UBC Theses and Dissertations
Studies in the lives of the sons of Constantine Wilson, Edward George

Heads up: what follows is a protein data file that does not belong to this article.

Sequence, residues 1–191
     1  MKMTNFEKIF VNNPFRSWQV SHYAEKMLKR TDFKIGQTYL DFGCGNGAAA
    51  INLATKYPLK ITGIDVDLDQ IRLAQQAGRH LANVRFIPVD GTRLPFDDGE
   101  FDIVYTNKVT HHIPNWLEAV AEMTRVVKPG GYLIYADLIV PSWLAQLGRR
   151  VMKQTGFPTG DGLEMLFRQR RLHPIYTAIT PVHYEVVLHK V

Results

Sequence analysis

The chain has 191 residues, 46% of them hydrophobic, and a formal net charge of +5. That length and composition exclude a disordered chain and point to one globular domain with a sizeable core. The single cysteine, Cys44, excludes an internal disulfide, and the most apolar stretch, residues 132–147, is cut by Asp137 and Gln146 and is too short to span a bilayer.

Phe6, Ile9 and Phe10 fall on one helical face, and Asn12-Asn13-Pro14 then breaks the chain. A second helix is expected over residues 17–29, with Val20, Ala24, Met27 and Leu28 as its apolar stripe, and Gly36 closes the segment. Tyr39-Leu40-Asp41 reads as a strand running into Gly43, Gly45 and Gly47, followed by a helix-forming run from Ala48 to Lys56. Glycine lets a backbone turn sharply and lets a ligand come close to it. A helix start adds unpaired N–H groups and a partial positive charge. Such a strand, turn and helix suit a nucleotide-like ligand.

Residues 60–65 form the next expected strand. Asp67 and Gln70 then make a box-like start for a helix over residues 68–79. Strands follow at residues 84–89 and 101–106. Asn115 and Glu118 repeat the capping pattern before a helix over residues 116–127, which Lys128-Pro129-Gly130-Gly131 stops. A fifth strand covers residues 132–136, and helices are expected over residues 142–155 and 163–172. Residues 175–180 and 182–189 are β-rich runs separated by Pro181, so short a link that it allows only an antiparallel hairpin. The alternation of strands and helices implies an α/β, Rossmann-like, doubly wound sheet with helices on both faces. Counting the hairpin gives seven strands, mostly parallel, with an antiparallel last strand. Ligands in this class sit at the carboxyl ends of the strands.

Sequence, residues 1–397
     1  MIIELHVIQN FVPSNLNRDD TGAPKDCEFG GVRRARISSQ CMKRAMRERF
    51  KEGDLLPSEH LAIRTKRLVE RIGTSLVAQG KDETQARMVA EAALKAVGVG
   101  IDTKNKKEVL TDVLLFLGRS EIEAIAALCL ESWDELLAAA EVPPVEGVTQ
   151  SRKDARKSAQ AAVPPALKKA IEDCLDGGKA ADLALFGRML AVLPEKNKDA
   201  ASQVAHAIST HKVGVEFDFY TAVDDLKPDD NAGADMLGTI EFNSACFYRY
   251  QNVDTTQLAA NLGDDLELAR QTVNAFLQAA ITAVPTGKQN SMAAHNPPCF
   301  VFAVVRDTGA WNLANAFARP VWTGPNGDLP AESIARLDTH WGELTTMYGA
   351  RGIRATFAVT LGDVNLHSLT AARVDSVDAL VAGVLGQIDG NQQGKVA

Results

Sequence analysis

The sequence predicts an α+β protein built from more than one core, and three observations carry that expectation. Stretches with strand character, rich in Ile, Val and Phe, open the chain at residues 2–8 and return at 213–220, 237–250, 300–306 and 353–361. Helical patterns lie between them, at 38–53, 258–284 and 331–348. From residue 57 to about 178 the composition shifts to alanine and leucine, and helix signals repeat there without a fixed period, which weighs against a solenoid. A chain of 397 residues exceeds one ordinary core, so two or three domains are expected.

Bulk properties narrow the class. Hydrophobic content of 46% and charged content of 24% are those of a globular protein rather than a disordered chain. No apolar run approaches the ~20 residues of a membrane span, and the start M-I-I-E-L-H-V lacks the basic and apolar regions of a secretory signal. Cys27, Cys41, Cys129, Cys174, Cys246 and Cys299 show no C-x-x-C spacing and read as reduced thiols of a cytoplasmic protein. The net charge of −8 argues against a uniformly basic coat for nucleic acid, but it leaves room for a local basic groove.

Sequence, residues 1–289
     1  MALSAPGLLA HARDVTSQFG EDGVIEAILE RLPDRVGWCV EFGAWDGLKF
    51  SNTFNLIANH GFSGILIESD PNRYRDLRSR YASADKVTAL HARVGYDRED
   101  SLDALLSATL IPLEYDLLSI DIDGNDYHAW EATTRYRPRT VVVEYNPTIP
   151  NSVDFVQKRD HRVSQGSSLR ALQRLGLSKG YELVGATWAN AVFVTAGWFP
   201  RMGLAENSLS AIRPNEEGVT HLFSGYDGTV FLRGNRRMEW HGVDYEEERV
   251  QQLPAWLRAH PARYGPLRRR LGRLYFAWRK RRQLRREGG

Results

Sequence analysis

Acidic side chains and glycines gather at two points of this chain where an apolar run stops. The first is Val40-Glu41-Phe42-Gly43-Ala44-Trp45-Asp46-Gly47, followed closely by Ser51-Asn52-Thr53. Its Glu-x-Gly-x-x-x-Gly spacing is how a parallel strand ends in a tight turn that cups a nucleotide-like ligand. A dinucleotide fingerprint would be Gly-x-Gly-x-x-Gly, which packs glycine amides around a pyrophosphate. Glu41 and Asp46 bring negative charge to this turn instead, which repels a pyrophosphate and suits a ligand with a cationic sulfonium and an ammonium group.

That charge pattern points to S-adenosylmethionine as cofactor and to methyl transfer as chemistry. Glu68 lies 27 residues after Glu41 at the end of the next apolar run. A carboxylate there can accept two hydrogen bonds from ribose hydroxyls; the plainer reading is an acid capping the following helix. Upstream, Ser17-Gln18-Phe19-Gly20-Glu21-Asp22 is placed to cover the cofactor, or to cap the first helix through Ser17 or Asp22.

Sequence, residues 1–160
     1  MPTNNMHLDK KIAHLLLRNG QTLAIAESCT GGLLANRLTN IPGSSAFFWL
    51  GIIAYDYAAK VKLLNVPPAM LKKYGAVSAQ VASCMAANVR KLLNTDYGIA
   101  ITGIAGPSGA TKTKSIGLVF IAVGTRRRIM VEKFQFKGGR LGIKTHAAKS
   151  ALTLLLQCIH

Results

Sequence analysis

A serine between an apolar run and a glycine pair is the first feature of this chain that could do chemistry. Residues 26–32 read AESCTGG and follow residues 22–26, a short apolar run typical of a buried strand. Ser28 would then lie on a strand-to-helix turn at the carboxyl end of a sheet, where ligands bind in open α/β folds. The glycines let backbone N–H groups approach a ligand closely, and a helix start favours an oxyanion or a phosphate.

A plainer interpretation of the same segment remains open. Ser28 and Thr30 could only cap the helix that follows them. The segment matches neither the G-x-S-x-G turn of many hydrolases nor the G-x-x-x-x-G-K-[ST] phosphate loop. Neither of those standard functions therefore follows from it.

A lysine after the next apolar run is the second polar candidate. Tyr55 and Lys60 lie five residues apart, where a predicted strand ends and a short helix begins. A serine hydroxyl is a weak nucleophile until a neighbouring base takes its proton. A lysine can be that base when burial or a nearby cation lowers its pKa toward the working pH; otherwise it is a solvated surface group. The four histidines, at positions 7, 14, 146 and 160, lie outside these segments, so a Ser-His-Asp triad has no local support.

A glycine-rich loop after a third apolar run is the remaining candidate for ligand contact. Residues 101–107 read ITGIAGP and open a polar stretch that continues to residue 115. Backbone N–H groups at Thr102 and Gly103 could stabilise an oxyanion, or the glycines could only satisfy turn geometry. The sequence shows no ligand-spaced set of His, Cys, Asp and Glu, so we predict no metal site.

The reigns of the emperor Constantine the Great and of his nephew Julian the Apostate have fascinated scholars from the fourth century to the present day. Some have seen in Constantine the founder of the Middle Ages and in Julian the last flowering of the pagan world. However, the eighteen years that passed between the death of Constantine in 337 and the proclamation of Julian as Caesar in 355 have received very little attention because of the paucity of the sources for this period. Only O. Seeck, in his monumental Gesckichte des Untevgang dev antiken Welt (Stuttgart 1922), and G. Gigli, in his notes entitled La dinastia dei seeondi Flavii: Costantino II, Costante, Costanzo II (337-361) (Rome 1959), have attempted a detailed analysis of this period, but Seeck's volume, though still essential, has been rendered somewhat dated by recent numismatic and prosopographical studies while Gigli's, which is far less thorough, emphasizes the religious problems of the age at the expense of the political. The task undertaken in this study is to determine the workings of the court during the period for which source-material is poorest (i.e., 337-353) and to show how the government ruled with an iron hand by Constantine I degenerated into the weak administration of Constantius II as revealed in the first surviving books of Ammianus Marcellinus. Because the period under consideration is poorly documented in the literary sources, thorough use has been made of the epigraphical, numismatic, and legal sources. The study of the policies and practices of the sons of Constantine is aided to a great extent by an examination of the careers of both their appointees and their opponents. At times the politics of the period are reflected in the contemporary religious disputes, especially in the struggle of Athanasius to overcome the Arian heresy. In other cases the workings of the government can be discerned in the careers of prominent bureaucrats, especially the grand chamberlain Eusebius and the praetorian prefects Ablabius, Flavius Philippus, and Fabius Titianus. These chapters encompass the training of the sons (including Crispus, Constantine II, Constantius II, and Constans), the massacre of their relatives upon the death of their father, the dispute between Constantine II and Constans, the joint reign of Constantius II and Constans, the overthrow of Constans by Magnentius, and the recovery of the West by Constantius II. The main conclusion reached is that the characters and reigns of the sons of Constantine were determined for the most part not by heredity, nor by the instructions of their father, but by their teachers during their youth and by their advisers at court after the death of their father. Constantine the Great both reigned and ruled, since he had the training of a soldier and achieved supremacy by careful strategy against considerable odds. His sons, however, succeeded to the throne before they were old enough to shake off the influence of their courtiers and can be said only to have reigned, not to have ruled. The executions of their half-brother Crispus and their mother Fausta rendered them suspicious and insecure, to the end that they trusted only the bureaucrats at court and feared the prefects and generals in the provinces and even one another. A great barrier arose between the thr sons and the problems of their subjects. This barrier, the central bureaucracy, grew more corrupt while the initiative of the armies and provincials was sapped. The weakness of the three sons foreshadows that of Arcadius and Honorius in the twilight of the Roman Empire.
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